The yield on the Greek benchmark 10-year bond dropped below 1 percent for the first time ever on Wednesday, on a day when other bond markets were quite mixed. Piraeus Bank benefited immediately from the yield slide with a very successful bond issue on Wednesday.
All this means that Greece constitutes a risk-free investment for funds and is rated much more highly by the markets than by the rating agencies.
“The constant slide of the interest rate and its maintenance at a low level illustrate the confidence of the markets in the course and the prospects of the Greek economy, as well as the economic policy of the government,” Finance Minister Christos Staikouras commented.
The yield on Greece’s 10-year bond dropped on Wednesday by 7.5 percent to end up at 0.956 percentage points, while the spread with the German bund reached a 10-year low of just 133 basis points. The five-year bond yield dropped 15 percent to 0.307 percentage points and the new 15-year paper’s yield eased to 1.54 percent.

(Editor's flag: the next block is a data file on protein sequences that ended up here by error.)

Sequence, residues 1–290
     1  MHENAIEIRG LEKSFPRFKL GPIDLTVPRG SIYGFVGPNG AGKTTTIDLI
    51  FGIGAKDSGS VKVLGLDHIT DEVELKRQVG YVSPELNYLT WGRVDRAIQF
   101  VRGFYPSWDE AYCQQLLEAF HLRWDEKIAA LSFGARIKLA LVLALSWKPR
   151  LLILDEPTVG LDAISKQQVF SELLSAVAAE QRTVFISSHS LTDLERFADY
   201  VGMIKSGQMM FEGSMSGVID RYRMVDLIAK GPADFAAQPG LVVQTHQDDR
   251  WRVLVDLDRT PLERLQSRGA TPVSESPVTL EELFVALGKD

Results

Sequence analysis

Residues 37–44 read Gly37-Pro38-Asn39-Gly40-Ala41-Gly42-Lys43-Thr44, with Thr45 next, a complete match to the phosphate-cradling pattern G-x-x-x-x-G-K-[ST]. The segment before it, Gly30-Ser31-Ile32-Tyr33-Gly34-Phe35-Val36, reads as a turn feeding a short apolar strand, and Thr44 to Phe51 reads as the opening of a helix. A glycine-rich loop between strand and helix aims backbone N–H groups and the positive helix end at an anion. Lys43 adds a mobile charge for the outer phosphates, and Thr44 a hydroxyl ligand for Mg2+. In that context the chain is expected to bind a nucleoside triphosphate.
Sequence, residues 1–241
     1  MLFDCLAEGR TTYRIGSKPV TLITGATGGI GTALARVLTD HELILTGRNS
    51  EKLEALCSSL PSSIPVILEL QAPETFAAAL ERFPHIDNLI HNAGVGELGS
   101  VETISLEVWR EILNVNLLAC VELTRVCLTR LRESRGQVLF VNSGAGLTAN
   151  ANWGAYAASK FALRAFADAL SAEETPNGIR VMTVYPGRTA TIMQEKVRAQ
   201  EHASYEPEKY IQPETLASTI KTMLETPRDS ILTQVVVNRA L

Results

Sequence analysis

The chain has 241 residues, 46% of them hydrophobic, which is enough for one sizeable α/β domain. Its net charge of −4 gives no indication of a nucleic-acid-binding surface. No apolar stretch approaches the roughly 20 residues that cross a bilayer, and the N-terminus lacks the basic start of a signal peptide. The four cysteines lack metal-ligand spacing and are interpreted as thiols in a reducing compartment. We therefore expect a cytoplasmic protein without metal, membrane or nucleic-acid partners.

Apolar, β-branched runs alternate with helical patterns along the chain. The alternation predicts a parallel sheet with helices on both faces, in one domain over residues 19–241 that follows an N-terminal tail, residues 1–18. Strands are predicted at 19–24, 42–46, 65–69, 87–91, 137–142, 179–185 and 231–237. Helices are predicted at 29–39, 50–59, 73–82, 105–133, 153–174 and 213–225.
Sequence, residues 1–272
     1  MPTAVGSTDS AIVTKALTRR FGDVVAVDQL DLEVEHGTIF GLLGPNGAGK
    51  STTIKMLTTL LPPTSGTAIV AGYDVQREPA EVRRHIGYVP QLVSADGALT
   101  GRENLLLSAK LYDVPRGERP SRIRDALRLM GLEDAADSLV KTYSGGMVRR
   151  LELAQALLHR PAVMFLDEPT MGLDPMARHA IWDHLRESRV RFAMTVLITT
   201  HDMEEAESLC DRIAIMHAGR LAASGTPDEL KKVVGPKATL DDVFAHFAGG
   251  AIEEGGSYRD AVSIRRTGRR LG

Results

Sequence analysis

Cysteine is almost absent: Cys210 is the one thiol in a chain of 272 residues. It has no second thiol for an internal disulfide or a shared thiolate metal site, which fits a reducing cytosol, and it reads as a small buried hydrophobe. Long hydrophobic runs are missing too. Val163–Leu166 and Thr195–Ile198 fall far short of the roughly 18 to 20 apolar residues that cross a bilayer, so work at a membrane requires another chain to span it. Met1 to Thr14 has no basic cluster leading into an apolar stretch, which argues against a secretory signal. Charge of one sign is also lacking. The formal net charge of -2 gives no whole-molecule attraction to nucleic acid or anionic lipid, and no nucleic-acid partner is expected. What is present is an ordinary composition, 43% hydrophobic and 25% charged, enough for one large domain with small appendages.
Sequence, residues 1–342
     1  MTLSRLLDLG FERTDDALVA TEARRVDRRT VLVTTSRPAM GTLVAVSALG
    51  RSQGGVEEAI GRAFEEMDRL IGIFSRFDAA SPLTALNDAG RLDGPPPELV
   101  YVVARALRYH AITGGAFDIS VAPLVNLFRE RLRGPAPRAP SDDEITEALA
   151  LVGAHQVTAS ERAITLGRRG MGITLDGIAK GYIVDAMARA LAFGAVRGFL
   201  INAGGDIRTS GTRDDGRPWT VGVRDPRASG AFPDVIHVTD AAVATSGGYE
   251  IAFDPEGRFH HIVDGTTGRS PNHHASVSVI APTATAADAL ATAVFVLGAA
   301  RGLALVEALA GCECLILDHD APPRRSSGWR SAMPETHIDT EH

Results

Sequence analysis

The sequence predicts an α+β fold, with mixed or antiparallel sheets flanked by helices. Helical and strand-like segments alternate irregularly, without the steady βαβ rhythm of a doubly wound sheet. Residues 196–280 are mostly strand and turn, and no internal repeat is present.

The current rally is attributed to the fact that investors are trying to position themselves before the further improvement that Greek paper is expected to record ahead of more credit rating upgrades and their joining the European Central Bank’s bond-buying program, known as quantitative easing (QE).
“The reason for the rally is quite simple,” says Danske Bank analyst Jens Peter Sorensen: “It is the fear of missing the train of the further improvement,” he argues, noting that the returns on Greek bonds are impressive.
Piraeus Bank capitalized on the favorable climate for Greek state bonds, as its Tier II 10-year bond issue on Wednesday saw it raise 500 million euros at a favorable interest rate of 5.5 percent, far below the rate of the lender’s previous issue last June, which stood at 9.75 percent. The issue was oversubscribed more than eight times, leading to the reduction of the interest rate from the guidance of 6 percent.